The philosophy behind this one is simple: If you want to do it well in performance, you've got to do it really, really, really well in practice.
Before you start, you need to determine a couple of things. First, choose a small chunk of music - a measure, phrase or fill, etc. Clearly define how/where it starts and ends. Then set up your parameters. What are you practicing for? Rhythms or pitches? Dynamics, articulation or phrasing? All of the above?
In short, you need to know how to determine if you got it "right" after each repetition or attempt. It's an oversimplification, but I use basketball as an example. If it went through the hoop, it's a make. If it didn't, it's not. So you've got to know what the "hoop" is before you start. Once you've decided what that is, don't back down. Hold yourself to that standard each time, with no slacking off. Remember, the harder you push yourself in practice, the easier the performance will be.
Okay, done with the preliminaries. Here are two ways I help myself develop consistency.
Get it right a total number of times.
With this technique, you don't worry about how many attempts you make, or how many mistakes for that matter, but the total number of times you can play it right. Using the free throw example, don't worry if it takes you 283 attempts. As long as the ball goes through the hoop a total of 10 times (or whatever you've determined the magic number to be) you're done!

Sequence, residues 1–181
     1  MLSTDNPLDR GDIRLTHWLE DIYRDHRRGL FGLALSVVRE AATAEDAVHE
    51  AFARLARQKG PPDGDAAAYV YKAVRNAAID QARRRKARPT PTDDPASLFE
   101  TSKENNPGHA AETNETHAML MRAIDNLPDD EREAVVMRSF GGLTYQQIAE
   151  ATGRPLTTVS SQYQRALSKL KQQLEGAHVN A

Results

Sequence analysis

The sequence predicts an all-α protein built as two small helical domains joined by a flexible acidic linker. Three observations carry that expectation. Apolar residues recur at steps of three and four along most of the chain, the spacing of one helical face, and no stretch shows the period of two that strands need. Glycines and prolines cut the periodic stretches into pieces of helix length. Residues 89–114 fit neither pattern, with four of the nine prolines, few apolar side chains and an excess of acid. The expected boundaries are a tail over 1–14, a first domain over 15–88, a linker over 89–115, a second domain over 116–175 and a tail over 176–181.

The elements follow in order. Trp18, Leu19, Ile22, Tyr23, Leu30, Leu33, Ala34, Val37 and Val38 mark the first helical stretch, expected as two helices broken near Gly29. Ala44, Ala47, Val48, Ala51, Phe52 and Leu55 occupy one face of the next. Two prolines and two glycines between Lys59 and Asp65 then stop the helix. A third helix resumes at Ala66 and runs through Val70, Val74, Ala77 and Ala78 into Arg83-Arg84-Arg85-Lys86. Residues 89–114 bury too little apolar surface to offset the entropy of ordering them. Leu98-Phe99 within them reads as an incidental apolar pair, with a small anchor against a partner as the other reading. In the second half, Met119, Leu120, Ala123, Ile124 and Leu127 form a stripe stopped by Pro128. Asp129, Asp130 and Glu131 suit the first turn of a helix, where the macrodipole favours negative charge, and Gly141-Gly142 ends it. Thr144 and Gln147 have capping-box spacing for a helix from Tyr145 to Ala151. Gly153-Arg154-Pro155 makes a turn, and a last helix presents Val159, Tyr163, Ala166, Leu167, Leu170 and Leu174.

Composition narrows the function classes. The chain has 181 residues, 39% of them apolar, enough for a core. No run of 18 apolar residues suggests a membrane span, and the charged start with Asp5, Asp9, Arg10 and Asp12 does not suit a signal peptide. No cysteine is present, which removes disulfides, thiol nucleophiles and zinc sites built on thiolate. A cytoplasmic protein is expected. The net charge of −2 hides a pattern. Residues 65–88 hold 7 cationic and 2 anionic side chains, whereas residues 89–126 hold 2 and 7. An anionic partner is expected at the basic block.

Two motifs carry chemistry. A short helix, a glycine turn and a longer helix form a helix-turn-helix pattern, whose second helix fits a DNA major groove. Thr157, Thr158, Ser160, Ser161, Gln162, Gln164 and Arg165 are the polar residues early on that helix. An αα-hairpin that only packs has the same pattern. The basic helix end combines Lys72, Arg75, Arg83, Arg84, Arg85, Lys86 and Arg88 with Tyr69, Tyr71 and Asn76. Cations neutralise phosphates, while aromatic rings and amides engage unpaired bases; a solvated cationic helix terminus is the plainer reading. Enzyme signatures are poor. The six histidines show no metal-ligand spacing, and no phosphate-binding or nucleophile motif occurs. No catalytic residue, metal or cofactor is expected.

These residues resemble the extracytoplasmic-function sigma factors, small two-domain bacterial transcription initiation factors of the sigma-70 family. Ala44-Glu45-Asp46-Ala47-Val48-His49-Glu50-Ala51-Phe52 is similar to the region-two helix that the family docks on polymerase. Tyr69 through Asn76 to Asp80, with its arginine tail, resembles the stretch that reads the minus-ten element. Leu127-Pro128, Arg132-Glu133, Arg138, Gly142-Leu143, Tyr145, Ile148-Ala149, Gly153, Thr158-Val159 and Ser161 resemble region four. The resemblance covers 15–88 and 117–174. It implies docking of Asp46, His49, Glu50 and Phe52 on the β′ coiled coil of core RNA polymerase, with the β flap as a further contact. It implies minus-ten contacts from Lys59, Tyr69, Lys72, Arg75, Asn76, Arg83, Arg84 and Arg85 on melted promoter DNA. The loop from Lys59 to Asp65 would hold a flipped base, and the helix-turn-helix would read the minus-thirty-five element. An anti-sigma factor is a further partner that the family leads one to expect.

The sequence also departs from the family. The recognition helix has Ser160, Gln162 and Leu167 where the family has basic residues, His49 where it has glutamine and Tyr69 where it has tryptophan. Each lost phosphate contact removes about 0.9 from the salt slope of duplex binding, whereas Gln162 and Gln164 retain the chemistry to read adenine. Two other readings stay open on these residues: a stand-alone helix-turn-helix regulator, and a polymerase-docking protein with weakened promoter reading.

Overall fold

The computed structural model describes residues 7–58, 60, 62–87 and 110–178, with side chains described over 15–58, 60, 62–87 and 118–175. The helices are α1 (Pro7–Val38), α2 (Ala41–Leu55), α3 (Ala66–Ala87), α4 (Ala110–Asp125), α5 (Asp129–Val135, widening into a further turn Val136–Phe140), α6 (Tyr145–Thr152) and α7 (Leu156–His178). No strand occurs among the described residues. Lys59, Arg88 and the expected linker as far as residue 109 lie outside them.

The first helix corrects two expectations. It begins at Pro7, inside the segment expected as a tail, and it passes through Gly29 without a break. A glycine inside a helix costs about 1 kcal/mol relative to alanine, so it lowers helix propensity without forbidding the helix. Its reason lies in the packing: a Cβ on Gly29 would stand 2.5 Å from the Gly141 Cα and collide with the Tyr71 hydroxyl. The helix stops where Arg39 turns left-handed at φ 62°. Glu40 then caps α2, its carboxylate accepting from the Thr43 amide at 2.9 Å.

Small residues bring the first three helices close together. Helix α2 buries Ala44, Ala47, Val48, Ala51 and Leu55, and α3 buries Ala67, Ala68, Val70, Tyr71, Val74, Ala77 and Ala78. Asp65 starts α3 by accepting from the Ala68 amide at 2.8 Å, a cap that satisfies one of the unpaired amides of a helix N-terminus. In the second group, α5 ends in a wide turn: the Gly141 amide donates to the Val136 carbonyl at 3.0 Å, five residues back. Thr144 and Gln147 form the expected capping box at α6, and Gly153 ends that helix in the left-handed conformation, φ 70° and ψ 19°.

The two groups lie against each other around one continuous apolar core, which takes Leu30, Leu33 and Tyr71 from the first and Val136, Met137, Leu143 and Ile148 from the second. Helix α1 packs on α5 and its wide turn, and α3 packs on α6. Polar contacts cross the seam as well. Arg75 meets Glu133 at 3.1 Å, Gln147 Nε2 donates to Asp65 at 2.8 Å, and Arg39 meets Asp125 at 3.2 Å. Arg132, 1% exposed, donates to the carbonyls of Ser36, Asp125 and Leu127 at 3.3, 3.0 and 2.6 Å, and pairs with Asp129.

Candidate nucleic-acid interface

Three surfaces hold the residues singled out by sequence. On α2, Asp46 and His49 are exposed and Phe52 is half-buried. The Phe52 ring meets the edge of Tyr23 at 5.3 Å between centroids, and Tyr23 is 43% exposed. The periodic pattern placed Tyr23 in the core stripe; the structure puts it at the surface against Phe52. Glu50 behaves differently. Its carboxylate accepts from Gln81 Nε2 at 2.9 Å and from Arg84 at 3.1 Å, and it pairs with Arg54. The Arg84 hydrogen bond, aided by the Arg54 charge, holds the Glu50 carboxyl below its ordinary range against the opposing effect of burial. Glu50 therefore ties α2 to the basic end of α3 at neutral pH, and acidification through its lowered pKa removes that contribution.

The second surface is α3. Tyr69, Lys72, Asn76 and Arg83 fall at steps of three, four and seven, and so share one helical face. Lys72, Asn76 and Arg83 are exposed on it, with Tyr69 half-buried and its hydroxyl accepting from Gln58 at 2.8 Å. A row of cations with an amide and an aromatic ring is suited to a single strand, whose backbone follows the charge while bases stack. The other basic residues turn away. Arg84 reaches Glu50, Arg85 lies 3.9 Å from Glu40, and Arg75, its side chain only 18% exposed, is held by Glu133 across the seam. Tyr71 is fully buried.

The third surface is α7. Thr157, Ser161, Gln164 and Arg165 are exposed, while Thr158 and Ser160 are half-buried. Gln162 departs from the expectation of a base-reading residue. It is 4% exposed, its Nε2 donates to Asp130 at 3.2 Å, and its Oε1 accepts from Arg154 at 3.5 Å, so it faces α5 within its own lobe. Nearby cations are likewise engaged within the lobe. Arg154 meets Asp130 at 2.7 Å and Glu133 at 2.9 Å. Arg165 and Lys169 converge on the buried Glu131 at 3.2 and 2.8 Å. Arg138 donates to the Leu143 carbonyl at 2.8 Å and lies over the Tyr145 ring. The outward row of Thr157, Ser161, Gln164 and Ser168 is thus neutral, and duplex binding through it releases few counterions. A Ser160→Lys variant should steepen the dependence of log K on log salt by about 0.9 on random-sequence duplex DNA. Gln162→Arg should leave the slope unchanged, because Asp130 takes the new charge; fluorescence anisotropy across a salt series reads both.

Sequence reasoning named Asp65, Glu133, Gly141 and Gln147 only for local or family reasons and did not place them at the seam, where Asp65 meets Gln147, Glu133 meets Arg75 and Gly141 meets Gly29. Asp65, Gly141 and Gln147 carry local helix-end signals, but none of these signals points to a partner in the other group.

Get right a number of times consecutively, or "in a row." This one's a little more demanding, because every time you make a mistake, you start back over at zero. Again, with free throws, it doesn't matter how many total makes you have, you have to make 10 (or whatever number) consecutively, with no misses in between.
Honestly, when I'm learning a new concept I usually start out with the total number of times idea, and progress to the consecutive times technique as I get better. Pretty soon, you're developing the sense of what it takes to get it right each time. And, as you do it over a period of several days (or weeks, months, whatever) you will train your brain and body to do the motion(s) correctly by default. You will, in essence, "program" yourself to perform whatever it is correctly, almost without thinking about it.
This is one of the reasons teachers ask you to perform basic exercises (think 8 On A Hand) every day. Not because you need work on your eighth notes, but because you'll reinforce correct grip, path, travel, etc. about a thousand times in the first five minutes of your practice session.
And finally, remember that developing skills and technique that will last is sort of like watching your hair grow. You won't notice the progress day by day, but if you keep at it, after a few weeks, months and years, you've gone from a buzz cut to Rapunzel.
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